Welcome to the Sunshine State! Florida is a great place to live and a great place to retire. We often get asked by new residents whether they need to replace their wills, trusts or advance directives if they have been prepared and signed outside the state of Florida.
A new Florida resident will have many tasks as they put down roots: change your driver’s license, obtain Florida tags on your autos, register to vote, and more. It is equally important to review all of your estate planning documents. Some of those documents, such as your wills and your revocable trusts may not need to be replaced, but they may need to be modified. Other types of documents, such as your powers of attorney, living wills or health care surrogates should probably be replaced.
Florida law recognizes that wills and trusts that are validly executed outside of Florida will be deemed to be validly executed in Florida. Oftentimes, there are portions of the documents which may not conform to Florida law. For example, the personal representative of a Florida probate estate must be related to the decedent by blood or live in the state of Florida. Often the personal representative or the executor of a will prepared in another state may not meet this requirement. Typically, a trust will recite that the law of the state in which the document is signed applies to the administration and interpretation of matters related to the trust. Though having another state’s law apply to your trust is not in most cases prohibited, it can be cumbersome and expensive to have another state’s law apply upon your death. It may, in fact, be less expensive to simply revise or restate your trust so Florida law will apply.
Florida law also states that advanced directives, such as living wills, durable powers of attorneys and health care surrogates will be valid in Florida if they were validly executed in another state. But using one of these documents in Florida may require additional scrutiny of the document. For example, if you present a power of attorney which was executed outside of Florida to transact business or make a simple withdrawal at a Florida bank, that bank has the right to ask for a legal opinion, paid for by you, that the document is valid under the law of the state in which it was originally signed. The scope of health care documents such as health care powers of attorneys and living wills, varies from state to state. These documents are generally used during an illness or an emergency. You do not want a delay, while the doctor, hospital or nursing home decides what your document means.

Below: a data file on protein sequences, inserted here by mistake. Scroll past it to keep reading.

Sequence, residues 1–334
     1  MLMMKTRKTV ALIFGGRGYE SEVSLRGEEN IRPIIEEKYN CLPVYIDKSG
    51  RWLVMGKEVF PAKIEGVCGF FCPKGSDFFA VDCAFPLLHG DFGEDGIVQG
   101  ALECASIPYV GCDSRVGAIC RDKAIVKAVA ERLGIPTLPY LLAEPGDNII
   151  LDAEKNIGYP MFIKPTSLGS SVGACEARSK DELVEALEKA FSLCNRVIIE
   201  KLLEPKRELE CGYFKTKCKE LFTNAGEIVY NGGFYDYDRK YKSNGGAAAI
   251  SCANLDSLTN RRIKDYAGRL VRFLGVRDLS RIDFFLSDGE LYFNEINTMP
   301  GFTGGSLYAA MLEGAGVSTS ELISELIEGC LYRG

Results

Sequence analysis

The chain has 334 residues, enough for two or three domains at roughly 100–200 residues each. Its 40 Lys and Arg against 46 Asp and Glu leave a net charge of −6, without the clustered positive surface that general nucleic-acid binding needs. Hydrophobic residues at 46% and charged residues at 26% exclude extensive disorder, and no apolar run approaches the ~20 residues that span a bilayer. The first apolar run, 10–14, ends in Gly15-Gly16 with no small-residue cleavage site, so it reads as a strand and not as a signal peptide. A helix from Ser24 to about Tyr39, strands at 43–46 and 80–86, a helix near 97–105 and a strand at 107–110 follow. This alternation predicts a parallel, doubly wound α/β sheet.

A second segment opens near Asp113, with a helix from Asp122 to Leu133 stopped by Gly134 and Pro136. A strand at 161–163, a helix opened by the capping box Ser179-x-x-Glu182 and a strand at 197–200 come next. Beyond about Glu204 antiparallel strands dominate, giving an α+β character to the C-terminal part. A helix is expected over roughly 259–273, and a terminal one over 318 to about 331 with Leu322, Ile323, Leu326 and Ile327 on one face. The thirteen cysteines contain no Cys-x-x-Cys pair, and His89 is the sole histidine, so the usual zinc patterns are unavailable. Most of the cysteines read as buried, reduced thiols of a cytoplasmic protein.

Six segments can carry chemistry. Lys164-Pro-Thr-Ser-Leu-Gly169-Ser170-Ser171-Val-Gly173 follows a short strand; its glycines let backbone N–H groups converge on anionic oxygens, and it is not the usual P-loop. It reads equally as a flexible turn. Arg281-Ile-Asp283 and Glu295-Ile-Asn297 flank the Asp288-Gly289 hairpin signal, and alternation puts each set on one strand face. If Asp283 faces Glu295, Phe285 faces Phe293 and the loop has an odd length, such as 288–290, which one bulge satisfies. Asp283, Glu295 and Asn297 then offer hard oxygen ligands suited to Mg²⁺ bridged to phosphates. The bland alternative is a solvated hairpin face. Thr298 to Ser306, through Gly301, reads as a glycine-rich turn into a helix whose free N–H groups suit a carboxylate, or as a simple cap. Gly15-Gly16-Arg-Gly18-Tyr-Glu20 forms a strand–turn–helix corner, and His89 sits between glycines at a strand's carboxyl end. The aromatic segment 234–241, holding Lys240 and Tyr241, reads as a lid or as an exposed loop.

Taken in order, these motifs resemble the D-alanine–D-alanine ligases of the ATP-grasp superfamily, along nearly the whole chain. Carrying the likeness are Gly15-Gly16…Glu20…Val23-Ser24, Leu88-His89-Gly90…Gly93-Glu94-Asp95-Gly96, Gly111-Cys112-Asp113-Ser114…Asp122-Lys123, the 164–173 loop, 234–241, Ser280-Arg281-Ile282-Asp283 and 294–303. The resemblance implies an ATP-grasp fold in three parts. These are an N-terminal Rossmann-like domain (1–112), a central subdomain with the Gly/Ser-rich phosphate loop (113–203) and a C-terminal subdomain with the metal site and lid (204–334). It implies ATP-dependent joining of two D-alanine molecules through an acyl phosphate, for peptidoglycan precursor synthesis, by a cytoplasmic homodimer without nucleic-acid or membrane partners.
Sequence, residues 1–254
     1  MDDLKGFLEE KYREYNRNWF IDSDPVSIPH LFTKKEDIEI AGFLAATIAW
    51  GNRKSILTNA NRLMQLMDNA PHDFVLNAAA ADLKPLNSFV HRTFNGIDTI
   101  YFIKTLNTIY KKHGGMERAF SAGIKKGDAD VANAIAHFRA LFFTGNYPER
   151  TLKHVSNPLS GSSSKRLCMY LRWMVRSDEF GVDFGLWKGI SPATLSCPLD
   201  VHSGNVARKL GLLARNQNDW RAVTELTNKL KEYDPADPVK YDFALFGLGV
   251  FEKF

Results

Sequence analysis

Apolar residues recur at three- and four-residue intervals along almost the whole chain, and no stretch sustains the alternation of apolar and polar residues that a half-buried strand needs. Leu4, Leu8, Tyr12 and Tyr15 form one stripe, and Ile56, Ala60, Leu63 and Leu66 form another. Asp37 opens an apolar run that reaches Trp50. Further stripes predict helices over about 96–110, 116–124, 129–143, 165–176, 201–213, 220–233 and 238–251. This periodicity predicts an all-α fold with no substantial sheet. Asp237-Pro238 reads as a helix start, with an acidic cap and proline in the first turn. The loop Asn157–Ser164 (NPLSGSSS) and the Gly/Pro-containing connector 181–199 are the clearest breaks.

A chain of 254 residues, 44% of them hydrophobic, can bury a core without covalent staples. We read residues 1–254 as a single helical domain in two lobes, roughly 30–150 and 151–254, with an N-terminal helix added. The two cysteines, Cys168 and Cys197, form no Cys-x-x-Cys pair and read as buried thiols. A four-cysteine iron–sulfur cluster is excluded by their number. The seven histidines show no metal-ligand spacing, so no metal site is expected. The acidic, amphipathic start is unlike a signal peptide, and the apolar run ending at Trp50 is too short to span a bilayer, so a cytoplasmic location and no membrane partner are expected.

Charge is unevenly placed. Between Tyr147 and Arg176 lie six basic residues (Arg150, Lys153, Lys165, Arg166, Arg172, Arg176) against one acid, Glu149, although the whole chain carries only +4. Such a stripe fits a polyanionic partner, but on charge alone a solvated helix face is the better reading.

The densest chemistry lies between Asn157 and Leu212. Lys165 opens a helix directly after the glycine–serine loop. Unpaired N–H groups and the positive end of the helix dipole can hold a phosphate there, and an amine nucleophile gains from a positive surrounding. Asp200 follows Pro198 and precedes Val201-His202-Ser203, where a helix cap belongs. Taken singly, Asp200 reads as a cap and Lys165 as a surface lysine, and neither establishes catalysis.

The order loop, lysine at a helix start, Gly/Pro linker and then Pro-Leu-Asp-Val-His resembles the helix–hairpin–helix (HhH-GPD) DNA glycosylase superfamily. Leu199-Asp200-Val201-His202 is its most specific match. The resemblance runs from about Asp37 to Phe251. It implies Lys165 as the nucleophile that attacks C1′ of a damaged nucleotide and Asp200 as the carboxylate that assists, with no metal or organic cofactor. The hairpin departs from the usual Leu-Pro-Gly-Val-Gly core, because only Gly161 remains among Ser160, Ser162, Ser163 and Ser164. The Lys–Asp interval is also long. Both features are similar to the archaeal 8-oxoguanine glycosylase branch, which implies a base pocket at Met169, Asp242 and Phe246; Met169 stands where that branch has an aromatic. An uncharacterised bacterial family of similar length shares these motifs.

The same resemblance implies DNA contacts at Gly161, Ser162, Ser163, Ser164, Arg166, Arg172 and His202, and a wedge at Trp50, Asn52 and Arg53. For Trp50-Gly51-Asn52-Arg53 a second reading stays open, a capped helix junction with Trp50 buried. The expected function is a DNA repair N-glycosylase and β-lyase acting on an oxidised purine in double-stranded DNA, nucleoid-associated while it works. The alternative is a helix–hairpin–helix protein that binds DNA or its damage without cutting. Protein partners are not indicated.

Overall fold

Finally is the question of domicile for tax purposes. Florida has no inheritance tax or state income tax. Many northeastern states aggressively pursue taxation on their former residents. The establishment of legal domicile is a matter of the intent of the resident and is proved by many facts: do you own real property in Florida; do you have a homestead exemption on your residential property; are you registered to vote in Florida; do you file your Federal income taxes from Florida; do your estate planning documents recite that you are a Florida resident? These are but some of the factors which may be used to establish your domicile in Florida.
It is worth the time and the effort to allow a Florida attorney to review your documents, discuss the proof of domicile and determine if your documents should be modified or replaced.